A copy of "Into The Wild" signed by Krakauer, Carine McCandless and others was tucked away in a small suitcase filled with tattered notebooks inscribed with thoughts and signatures of previous visitors.

I skied out the Stampede Trail to Bus 142 -the magic bus - with Brian and Dan over the weekend. Its ironic that I ventured out there now especially with the increased publicity and interest in the bus since the recent release of the film Into the Wild. I read the book in the mid-90's and had never felt the desire or motivation to trek out the dilapidated bus perched above the Sushana River.

I remember reading about the discovery of Chris McCandless in the Fairbanks Daily News-Miner in 1992 and had similar thoughts as other Alaskans--another careless person went out into the wilderness unprepared and suffered the consequences. Krakauer's book changed my initial opinion of McCandless because it provided insight into the life and ideals of this young kid who perished just beyond the edge of civilization. It put a name and in a sense, a life, to the dead body which was so simply reported by the newspaper.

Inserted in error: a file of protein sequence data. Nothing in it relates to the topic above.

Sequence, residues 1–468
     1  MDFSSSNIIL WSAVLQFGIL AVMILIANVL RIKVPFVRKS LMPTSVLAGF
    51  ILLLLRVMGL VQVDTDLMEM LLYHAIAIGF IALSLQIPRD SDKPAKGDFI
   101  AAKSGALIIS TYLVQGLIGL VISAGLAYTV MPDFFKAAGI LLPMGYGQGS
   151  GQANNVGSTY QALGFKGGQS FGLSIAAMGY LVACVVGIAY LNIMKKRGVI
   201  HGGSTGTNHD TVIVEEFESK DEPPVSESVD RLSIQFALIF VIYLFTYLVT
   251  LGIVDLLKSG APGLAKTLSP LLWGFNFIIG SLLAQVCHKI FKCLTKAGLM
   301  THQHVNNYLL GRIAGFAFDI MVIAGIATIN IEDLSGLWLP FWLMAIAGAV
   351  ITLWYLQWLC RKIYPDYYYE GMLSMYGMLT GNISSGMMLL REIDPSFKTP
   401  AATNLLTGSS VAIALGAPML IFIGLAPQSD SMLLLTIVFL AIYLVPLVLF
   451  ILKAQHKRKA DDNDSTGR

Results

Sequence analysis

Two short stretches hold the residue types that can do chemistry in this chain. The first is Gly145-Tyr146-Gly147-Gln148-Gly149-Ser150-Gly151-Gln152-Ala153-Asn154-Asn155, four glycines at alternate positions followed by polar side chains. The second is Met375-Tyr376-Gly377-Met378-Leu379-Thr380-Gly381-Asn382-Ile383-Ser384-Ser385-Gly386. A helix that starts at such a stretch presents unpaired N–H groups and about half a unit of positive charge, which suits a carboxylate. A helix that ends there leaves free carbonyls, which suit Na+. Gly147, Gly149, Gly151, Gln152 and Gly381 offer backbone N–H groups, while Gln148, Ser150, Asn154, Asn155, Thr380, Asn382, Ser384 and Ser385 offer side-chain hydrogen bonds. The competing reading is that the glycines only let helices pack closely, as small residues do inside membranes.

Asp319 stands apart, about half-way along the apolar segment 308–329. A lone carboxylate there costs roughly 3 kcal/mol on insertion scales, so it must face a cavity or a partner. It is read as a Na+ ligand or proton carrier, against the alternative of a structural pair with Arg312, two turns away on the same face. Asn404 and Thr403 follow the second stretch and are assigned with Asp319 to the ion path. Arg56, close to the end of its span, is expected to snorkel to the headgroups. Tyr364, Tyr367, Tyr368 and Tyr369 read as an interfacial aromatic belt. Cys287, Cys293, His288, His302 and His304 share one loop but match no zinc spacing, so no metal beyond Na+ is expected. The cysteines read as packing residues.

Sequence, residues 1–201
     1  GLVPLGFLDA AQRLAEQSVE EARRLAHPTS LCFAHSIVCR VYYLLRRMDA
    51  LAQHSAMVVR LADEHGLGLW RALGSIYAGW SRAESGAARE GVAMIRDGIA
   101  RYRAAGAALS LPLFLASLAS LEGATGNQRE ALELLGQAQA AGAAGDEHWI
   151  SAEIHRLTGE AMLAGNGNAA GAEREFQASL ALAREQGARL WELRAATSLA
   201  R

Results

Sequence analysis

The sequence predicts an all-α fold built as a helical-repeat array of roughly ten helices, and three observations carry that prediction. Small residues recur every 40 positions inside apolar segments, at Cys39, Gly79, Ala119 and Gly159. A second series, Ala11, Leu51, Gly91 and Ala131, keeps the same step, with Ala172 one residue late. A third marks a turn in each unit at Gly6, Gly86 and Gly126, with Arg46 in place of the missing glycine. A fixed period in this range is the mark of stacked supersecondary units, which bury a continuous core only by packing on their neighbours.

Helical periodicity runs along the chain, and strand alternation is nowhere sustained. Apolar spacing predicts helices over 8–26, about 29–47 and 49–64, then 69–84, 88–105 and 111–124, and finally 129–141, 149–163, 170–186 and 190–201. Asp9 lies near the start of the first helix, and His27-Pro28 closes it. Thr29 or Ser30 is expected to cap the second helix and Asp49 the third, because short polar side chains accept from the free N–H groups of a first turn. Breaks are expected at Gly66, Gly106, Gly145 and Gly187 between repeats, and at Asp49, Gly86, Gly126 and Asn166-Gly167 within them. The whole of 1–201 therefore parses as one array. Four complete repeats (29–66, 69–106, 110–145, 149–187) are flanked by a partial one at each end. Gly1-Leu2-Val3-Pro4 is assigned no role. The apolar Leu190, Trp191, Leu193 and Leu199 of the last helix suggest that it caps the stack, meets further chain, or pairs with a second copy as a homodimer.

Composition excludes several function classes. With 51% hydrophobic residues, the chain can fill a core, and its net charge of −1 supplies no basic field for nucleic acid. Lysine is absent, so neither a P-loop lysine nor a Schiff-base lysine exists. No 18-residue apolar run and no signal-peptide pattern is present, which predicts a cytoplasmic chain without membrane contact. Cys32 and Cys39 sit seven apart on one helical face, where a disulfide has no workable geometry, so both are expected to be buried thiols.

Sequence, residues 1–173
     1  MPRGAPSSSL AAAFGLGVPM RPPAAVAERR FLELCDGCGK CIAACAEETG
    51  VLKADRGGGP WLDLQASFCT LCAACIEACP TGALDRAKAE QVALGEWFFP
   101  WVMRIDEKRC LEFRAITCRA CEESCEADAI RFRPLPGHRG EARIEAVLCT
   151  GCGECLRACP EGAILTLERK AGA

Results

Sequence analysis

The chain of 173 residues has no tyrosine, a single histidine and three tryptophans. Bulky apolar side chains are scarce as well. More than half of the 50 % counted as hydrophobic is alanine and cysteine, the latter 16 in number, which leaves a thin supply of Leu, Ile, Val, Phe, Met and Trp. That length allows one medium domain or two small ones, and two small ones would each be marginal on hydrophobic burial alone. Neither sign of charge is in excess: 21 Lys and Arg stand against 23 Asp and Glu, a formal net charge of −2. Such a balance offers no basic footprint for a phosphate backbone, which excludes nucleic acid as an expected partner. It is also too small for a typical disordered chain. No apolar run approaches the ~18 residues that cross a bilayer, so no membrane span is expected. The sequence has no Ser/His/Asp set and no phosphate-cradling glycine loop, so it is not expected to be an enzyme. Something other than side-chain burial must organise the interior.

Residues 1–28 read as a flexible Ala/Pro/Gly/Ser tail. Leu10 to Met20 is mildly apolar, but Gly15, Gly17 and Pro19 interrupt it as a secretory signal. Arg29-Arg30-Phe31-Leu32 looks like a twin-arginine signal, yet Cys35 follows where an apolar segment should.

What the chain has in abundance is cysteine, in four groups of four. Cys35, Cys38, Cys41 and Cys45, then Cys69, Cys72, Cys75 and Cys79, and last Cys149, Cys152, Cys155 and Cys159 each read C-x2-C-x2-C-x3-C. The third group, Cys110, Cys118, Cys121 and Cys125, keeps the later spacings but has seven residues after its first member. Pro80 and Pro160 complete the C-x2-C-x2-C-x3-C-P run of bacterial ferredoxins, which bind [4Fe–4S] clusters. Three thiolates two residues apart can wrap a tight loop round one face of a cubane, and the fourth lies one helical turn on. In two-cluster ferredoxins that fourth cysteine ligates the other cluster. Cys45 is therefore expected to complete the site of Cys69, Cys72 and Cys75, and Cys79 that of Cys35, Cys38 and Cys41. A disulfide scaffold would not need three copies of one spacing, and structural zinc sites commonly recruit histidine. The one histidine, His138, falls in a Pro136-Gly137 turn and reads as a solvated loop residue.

Even so...I feel that Krakauer went beyond just giving me the story of McCandless and instead sensationalized his life which in turn made this kid some sort of prodigy or hero of sorts-which I don't completely understand. I suppose this is the intention of an author in order to grab his readers and suck them in....which is understandable. The book sucked me in but certainly not to the point of idolizing McCandless. I very much admire his sense of adventure and I can relate to his desire to remove oneself from the pressures and expectations of society--and live simply in the wild where the chores of survival become daily routine. I am intrigued and inspired by the powerfulness of the wilderness and I understand the allure this has for others making there way north to see the bus and wilderness that McCandless found so special.